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Old 27-08-2009, 08:36   #16
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I wish I had waited for the next model that came with a solar vent in the head.
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Old 27-08-2009, 08:43   #17
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One more thing,
cruisers very rarely encounter really heavy weather
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Old 27-08-2009, 08:50   #18
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Good thread and I do not even want to go there right now.
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Old 27-08-2009, 08:56   #19
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I am glad I know now what I did not know then.....


THat I am SO glad I bought my Pearson Ariel. The work she required was what I needed to do to make her my own, and to fit her for cruising. I am SO glad I did not buy any of the 30-40' boats I looked at (and even entered into negotiations for).

Having sailed her every week, and sometimes nearly every day (yes, you read that right) for a couple years before we left to go cruising was a big advantage once we got 'out there' since I knew her and could anticipate what was going to happen in differing conditions.

The 'go small, go now' idea is a good one, but the 'go now' part ought to include some time to get to know your ship. Since the smaller boats are the ones more likely to 'get known' I think the idea of cruising in the smallest boat you are comfortable on has more benefits then just to cost savings.

I know some will disagree, that is why there are many differnt boats to choose from. For me, I am very happy with what I have and knowing what I know now would choose her all over again.

If anyone is interested, here is a link to our 8 month cruise. I hope to be back 'out there' soon.

Fair Winds,
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Old 27-08-2009, 09:23   #20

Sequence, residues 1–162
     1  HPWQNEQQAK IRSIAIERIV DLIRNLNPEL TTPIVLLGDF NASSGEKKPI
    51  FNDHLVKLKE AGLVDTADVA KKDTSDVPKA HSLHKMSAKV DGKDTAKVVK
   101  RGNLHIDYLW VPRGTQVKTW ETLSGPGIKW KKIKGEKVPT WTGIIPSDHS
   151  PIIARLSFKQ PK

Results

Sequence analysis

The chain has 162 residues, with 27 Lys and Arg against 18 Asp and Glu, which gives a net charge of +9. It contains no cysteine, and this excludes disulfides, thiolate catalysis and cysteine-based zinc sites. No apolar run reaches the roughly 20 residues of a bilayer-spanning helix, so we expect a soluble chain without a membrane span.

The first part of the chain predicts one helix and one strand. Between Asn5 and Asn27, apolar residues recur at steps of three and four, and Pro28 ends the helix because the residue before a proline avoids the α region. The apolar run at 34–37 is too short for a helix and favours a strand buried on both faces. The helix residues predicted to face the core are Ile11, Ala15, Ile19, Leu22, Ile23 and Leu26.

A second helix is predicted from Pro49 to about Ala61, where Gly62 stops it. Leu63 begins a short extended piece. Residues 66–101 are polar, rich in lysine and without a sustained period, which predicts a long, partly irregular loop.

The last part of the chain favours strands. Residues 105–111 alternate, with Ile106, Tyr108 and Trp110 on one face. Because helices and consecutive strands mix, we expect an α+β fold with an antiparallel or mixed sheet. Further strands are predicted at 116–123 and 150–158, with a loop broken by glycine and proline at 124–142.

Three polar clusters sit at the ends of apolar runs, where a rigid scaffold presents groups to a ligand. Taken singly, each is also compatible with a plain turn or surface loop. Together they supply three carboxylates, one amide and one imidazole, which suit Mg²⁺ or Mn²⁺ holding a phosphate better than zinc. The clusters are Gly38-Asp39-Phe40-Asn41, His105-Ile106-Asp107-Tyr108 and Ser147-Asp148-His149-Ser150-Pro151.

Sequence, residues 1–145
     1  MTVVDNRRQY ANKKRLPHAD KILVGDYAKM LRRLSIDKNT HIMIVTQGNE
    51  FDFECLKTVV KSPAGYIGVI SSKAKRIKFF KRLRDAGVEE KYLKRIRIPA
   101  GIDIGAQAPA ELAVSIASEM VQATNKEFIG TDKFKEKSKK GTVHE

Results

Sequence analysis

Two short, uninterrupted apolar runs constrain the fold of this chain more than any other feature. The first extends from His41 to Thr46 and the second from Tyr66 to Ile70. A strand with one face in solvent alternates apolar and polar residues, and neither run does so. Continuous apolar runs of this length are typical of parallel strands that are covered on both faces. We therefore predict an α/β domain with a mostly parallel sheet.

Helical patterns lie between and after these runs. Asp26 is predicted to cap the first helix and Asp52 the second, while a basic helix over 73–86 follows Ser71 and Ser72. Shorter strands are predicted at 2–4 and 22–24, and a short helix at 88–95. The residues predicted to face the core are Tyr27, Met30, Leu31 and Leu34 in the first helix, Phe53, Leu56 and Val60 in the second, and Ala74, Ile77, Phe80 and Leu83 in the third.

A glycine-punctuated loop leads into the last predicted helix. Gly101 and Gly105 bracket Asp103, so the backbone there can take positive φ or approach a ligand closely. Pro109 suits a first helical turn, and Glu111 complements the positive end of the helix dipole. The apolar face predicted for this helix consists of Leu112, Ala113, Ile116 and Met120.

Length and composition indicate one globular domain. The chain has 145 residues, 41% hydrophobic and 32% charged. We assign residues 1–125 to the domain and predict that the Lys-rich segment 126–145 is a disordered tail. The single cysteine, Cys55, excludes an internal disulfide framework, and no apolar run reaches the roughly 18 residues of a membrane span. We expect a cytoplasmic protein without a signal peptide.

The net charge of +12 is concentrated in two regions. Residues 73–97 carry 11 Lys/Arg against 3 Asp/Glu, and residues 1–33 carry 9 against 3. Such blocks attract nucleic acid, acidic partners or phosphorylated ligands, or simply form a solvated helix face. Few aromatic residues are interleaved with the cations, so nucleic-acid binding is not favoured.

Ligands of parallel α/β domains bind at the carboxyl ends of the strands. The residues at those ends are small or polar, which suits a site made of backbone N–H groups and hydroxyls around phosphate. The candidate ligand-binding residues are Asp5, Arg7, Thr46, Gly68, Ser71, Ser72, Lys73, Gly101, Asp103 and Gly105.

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I'm only five weeks in on my first boat, but here's what I wish I'd known beforehand. I lot of it was just due to the fact that I wanted a boat, the price was great, and I didn't even bother to give it a thorough inspection before jumping on the deal.

- No, it won't just take one weekend of scrubbing to get all the mildew and crud out of a boat that sat neglected and occasionally full of rain water for who knows how many years.

- No, I can't just replace the flooring. If one bit of wood is rotten, most likely ALL the wood is rotten. Even if the wooden walls are still fairly solid, if one or two layers are separated and rotting, they still make the entire boat smell like mold and no, I can't get all the carpentry finished in one weekend.

- Synthetic, mildew-treated fabric can be found for as cheap as $11.99 a yard. However, there's no way around the fact that new foam is freaking expensive.

- While I was confident in my ability to revive a waterlogged electrical system and did so with very little trouble, I really should have checked to see if some key components were even on the boat. Didn't realize it was missing four light fixtures and the battery charger until it was too late. That goes back to my first regret of wishing I'd done a better inspection.